Not only can you contribute to your personal RRSP, but you can also make contributions to your spouse’s RRSP account (or that of your common-law partner), and vice versa. Here, the contributing partner gets a tax deduction made for contributions made to the account up to the CRA limit of the contributing spouse/common-law partner. You can contribute until your partner gets to the age of 71 (even if you are over 71).

This type of RRSP works best if there is a large gap between the current income and/or expected post-retirement income of both partners. You can effectively move taxable income from the partner in the higher tax bracket to the one in the lower tax bracket to take advantage of larger deductions now or lower income taxes during retirement. It is also beneficial for couples with age differences.

However, one major thing to consider when building a spousal RRSP is the rule of attribution. This rule states that if money is withdrawn from a spousal RRSP, the contributing partner is taxed on the withdrawal if any spousal contribution had been made within two years of the withdrawal (e.g. if in 2020, you take money out of your RRSP, but your spouse has contributed between 2018-2020, your spouse would get taxed on that withdrawal). Thus, if the receiving spouse is nearing retirement or will have little or no income soon, it is best to make any contributions into the RRSP as early as you can within the tax year so that the spouse can withdraw as soon as possible without the additional penalty.

Most importantly, don’t wait until you/your spouse is close to retirement before working together on a spousal RRSP.

What can you have in your RRSP account?

Your RRSP account can consist of any combination of qualified investments, including cash, GICs, bonds, mutual funds, and listed stocks. Some RRSP providers have restrictions, however, limiting your choices to only a few options. But with a self-directed RRSP, you can choose your own types of investments and control how you want to invest. If you want to, you can have an investment manager or robo-advisor manage your self-directed RRSP for you.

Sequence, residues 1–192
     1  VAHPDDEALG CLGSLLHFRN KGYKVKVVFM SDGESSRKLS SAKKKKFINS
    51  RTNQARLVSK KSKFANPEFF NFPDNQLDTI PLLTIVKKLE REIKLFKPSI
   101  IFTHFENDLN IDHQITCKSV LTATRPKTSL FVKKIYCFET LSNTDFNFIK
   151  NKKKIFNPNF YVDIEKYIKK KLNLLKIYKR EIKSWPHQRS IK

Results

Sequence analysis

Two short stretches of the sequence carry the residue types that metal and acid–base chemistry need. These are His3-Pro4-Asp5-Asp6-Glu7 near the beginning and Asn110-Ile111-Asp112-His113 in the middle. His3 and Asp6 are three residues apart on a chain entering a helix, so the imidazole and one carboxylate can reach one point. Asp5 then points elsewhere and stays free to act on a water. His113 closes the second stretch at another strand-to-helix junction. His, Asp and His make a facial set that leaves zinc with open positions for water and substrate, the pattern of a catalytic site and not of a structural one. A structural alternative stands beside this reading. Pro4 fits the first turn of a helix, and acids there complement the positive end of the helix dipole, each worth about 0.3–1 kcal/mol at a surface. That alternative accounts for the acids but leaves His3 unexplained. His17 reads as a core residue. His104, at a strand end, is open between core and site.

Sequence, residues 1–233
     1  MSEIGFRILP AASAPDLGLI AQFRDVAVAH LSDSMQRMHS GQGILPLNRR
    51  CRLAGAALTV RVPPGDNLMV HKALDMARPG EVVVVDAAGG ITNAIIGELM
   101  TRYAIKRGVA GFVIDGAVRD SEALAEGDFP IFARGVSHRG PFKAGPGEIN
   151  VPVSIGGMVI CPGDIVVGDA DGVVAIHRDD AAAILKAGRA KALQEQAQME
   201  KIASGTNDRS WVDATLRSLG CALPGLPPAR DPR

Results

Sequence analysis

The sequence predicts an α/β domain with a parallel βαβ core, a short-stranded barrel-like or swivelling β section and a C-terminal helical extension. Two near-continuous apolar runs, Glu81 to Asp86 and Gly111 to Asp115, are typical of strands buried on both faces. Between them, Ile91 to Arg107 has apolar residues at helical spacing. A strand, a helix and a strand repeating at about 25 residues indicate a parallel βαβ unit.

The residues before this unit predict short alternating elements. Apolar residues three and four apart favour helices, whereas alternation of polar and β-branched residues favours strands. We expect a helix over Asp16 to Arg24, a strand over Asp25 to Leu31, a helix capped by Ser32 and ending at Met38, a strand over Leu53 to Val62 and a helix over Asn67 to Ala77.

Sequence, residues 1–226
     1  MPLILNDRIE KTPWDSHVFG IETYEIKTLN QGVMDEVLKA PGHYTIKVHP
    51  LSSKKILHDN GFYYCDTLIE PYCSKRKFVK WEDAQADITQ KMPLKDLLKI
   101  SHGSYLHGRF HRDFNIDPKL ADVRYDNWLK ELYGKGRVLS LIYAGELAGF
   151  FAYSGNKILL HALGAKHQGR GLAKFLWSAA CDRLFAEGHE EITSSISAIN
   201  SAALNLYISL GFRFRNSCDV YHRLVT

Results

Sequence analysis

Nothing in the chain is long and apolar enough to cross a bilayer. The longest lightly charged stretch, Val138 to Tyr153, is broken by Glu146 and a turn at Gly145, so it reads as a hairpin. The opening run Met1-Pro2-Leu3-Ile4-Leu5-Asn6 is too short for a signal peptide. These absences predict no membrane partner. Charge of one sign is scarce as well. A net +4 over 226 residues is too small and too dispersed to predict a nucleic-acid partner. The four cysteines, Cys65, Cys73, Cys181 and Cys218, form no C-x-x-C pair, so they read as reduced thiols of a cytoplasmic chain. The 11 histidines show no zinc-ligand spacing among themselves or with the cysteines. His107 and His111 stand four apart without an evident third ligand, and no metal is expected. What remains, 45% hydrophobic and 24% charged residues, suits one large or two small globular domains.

For someone who’d like to diversify and invest in different companies and types of assets, a self-directed account provides you with consolidated statements in a single account, gives you access to a wide range of different investments including bonds, mutual funds and ETFs, and they are generally easier to manage. With freedom comes responsibility, and you should always make sure to make informed investments, even if you hire an investment manager. One final advantage of a self-directed RRSP is that they are much easier to convert to RRIFs after you turn 71.

If you are an active trader, an RRSP account can be extremely useful as all gains (and losses) in the account are deferred until the time of withdrawal. This means you can buy and sell assets like stocks without worrying about having to keep track of capital gains or pay taxes on your profits every year.

Some tips on how to take advantage of the RRSP program

  • Apply to have your income tax withholdings reduced on your paycheck if you’re a regular contributor to an RRSP. This helps get money in your pocket rather than having to wait for a tax refund next year. 
  • Delay your contribution deductions if you expect to be in a higher tax bracket in the future to achieve greater tax savings.
  • Filing tax returns for low-income earners in your family is a good idea, as this increases their future contribution room.
  • If you and your spouse have different incomes, it is good for the partner with a higher salary to contribute to the RRSP of the one with the lower salary. 
  • If you plan to buy a property, you or your spouse may be able to take advantage of the Home Buyer Plan to get money for your mortgage downpayment.